The idea of Nowhere and Splendor star Kathleen Robertson playing yet another ménage à trois participant, this time in a grown-up drama, may have given fans of the alternative ingenue pause. Indeed, distributors apparently thought XX/XY such a hard sell that the modest indie sat on the shelf for over a year before its brief theatrical run. That is a shame, for writer/director Austin Chick's solid debut is anything but an overheated Adrian Lyne epic or a belated entry in the 1990s Threesome/Three of Hearts oeuvre. Instead, it's a thoughtful and well-observed character study that, however slight, wears its wry humor well and earns its insights honestly. The early scenes, involving the chance coming together and inevitable coming apart of three artsy undergraduates in the early '90s, exhibit a wincingly unglamorous honesty about the less-than-sexy nature of collegiate sexual experimentation. The meat of the film, however, examines the retroactive emotional power that such experiences can accrue as adult responsibilities box in once-limitless possibilities. A coming-of-age saga for a class of privileged bohemians whose adolescence often extends well into middle age, XX/XY never falls back on romantic truisms as it examines the thorny ambivalence that comes with maturity. Chick's measured dialogue, elegiac tone, and subtle approach to social minutia belie his film's tiny budget and modest production values. For just one example of his script's quiet thoughtfulness, witness the shift of Robertson's character from jaded wild child to grounded wife -- perfectly believable, with no explanation necessary. Ultimately, hers is a supporting character beside Maya Stange's brittle, high-strung beauty and Mark Ruffalo's baffled, baffling man-child. All three principals, however, bring quiet power to well-crafted material that gently persuades rather than insists.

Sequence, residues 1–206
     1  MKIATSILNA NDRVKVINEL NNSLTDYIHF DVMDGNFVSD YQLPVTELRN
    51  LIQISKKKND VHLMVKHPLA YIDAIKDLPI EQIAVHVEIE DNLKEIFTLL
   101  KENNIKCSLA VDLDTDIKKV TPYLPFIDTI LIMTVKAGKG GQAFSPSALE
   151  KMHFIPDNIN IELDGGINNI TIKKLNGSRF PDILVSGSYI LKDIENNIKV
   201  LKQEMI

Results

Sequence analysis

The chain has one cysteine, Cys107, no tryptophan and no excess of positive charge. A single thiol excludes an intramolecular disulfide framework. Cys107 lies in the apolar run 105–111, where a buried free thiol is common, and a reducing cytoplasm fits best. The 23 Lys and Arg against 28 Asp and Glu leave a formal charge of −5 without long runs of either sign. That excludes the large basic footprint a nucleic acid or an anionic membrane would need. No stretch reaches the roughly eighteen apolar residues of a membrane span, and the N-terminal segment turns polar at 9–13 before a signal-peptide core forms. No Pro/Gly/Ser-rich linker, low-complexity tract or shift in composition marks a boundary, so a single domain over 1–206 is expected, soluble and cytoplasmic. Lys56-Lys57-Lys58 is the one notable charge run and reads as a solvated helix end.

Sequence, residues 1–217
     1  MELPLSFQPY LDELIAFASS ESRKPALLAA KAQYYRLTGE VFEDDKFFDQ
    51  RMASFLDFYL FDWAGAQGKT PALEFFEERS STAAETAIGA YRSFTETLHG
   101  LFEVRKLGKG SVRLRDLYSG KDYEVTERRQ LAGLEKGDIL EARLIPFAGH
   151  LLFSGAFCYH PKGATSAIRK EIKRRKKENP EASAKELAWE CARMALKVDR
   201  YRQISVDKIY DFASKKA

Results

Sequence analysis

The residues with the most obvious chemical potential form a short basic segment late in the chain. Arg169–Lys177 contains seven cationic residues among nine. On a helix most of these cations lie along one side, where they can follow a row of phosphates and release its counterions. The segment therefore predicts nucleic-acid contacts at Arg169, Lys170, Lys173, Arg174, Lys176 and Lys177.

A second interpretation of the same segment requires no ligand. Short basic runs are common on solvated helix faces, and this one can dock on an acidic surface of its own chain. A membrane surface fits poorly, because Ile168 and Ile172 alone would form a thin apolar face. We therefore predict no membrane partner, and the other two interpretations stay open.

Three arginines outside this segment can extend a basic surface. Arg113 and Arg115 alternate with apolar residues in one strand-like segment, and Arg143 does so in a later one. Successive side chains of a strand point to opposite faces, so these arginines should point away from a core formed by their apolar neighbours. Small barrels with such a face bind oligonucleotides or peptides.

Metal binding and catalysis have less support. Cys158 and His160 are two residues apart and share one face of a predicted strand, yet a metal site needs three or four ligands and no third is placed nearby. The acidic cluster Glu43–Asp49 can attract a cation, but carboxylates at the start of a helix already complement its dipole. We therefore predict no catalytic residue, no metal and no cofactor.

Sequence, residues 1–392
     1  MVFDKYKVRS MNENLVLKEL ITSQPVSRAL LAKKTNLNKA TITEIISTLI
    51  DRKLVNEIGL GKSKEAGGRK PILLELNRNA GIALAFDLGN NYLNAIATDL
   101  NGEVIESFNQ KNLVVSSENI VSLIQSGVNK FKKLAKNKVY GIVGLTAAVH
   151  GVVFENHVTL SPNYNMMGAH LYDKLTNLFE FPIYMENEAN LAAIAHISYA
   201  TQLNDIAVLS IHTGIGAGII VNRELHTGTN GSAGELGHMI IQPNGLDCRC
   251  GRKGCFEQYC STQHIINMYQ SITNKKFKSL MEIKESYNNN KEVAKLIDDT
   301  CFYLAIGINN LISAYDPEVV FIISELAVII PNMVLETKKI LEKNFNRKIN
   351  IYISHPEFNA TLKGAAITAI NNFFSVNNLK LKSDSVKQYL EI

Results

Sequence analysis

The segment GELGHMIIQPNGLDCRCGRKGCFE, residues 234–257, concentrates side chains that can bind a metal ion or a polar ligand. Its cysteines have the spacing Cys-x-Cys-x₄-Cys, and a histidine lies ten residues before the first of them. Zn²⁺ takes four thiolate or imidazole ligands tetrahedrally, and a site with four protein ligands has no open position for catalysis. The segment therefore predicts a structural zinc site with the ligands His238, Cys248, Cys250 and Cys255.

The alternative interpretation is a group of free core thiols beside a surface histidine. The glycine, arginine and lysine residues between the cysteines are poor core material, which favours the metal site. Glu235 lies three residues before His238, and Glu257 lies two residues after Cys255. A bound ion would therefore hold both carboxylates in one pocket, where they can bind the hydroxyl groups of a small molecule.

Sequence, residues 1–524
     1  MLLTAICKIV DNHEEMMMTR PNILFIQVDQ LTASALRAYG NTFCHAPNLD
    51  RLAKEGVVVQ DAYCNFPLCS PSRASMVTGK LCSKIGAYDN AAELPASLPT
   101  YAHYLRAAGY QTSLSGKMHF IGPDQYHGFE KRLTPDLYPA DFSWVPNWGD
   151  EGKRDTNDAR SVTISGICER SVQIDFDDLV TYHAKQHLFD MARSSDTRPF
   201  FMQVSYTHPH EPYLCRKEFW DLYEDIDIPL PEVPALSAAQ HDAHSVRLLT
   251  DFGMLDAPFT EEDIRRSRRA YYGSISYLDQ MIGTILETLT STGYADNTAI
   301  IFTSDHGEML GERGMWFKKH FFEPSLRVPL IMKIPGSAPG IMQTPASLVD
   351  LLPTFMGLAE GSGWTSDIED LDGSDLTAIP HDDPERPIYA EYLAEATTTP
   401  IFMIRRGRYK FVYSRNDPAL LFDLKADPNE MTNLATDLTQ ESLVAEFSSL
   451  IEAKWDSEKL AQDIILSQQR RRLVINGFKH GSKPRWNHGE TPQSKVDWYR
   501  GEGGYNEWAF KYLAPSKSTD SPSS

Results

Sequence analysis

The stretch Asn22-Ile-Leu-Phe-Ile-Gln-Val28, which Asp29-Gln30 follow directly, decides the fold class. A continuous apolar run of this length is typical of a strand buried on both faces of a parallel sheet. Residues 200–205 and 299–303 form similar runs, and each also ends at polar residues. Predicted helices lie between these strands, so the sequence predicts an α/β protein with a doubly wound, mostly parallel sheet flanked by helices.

by Brian J. Dillard review